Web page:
King coach Sean Colson (above) is entering his fifth season with the Cougars. (Photo: Josh Verlin/CoBL)
Rich Flanagan (@richflanagan33)
(Ed. Note: This story is part of CoBL’s “Prepping for Preps” series, which will take a look at many of the top high school programs in the region as part of our 2017-18 season preview coverage. The complete list of schools previewed so far can be found here.)
One game does not define a team’s season, but for Sean Colson and Martin Luther King there was one that stood out amongst all the others last year. The Philadelphia Public League title game against Imhotep Charter was that single performance that the Cougars’ head coach looked at as a matchup of one team who had pulled out difficult situations in games of that magnitude prior, and another which had not.
The Cougars stifled the Panthers for much of the game, but could not make that necessary play to put the opposition away. Imhotep forced Martin Luther King into 23 turnovers and celebrated another Public League championship, winning 53-49 in overtime. Colson, who last led Martin Luther King to a Public League crown in 2014, noted there were things for his team to be proud of from that game but knew they let one slip away.
“I felt we probably should’ve won,” said Colson, now in his fifth season with the Cougars. “They are the better team with more talent but I felt we outplayed them that game. They made the plays to win and I don’t know if we were ready to win the Public League. We never took control of the game.”
Coming into that game, Martin Luther King (21-10) had tallied off 15 straight wins and it was a tough for Colson’s team to refocus after. They dropped the District 12 Class 5A title game to eventual state champion Archbishop Wood by 36 points. They pulled out a 10-point victory over Bishop Shanahan in the opening round of the PIAA 5A playoffs before their season ended in the next round in a five-point overtime loss to Abington Heights.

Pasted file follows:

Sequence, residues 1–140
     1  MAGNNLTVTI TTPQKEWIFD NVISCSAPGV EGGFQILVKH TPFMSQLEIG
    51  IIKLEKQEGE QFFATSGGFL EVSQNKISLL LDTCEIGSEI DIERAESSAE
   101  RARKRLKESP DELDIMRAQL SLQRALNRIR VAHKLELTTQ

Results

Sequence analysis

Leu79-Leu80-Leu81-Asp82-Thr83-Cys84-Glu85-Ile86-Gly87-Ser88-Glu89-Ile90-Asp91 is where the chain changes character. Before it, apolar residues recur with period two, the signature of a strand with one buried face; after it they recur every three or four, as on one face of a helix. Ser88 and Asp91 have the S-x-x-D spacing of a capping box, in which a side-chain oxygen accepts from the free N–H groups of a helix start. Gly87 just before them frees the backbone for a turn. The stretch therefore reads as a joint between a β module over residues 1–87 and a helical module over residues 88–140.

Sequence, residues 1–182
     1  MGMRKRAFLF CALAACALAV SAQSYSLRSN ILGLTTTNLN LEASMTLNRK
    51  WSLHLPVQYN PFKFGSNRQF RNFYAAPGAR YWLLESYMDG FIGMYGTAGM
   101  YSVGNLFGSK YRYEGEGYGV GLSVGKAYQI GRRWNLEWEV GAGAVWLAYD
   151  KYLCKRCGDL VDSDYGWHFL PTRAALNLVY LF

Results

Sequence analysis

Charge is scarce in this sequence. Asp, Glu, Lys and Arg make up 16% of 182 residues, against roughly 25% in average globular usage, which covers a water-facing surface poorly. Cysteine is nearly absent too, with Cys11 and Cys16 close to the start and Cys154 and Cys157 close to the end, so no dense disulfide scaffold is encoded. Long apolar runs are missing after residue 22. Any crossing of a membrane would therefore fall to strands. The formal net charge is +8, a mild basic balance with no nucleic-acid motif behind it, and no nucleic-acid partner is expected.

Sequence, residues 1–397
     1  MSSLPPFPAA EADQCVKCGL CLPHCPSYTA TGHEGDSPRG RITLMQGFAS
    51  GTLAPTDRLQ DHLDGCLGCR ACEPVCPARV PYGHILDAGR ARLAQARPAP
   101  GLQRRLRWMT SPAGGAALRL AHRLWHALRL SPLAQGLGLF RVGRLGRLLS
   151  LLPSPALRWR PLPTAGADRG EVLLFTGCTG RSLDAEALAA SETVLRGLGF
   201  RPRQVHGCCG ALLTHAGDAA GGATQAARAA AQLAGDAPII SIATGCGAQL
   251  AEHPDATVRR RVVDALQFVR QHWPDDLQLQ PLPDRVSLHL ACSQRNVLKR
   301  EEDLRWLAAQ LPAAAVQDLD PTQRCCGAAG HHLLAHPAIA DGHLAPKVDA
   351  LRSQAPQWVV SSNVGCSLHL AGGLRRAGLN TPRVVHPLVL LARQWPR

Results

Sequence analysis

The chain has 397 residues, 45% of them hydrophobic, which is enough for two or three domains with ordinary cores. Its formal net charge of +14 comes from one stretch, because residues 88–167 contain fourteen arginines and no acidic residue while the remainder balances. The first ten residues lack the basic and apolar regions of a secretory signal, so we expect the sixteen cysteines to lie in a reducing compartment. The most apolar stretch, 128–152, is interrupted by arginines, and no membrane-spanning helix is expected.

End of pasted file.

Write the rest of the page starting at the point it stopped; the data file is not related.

The Cougars lost two players to graduation: 6-7 forward Elijah Kiah-El is doing a post-grad year at Coastal Academy (N.J.) and Qadir Burgess enrolled at Wilmington University.
Colson does not want to fret on that loss to the Panthers and neither does senior point guard Denelle Holly Jr., who sees that game as a great learning experience.
“Offensively, we didn’t play too well, but defensively we had a good game,” Holly said. “Throughout different spots in the game, we had some players giving up but we learned that we need to keep on playing. Everyone thought we were going to just lay down but we fought.”
The 6-2 Holly, who has been receiving interest from Monmouth, Towson and UNC-Greensboro, will be Colson’s floor general this season and showed why he’s ready to take command of this team. He scored 23 points and dished out eight assists in a victory over Public League rival Constitution on Jan. 31. He also had strong performances against Math, Civics and Sciences (18 points) on Jan. 19 as well versus Del-Val Charter (13) in the Public League semifinals. Colson, who also coaches Holly on the AAU circuit with Philly Pride, has lofty expectations for his point guard.
“I think Denelle is going to be one of the best guards in the city,” Colson said. “He did a good job last year. The best is yet to come from him. He’s really going to shine.”
Senior guard Denelle Holly (above) is the leading returning scorer from last year's state tournament-worthy squad. (Photo: Josh Verlin/CoBL)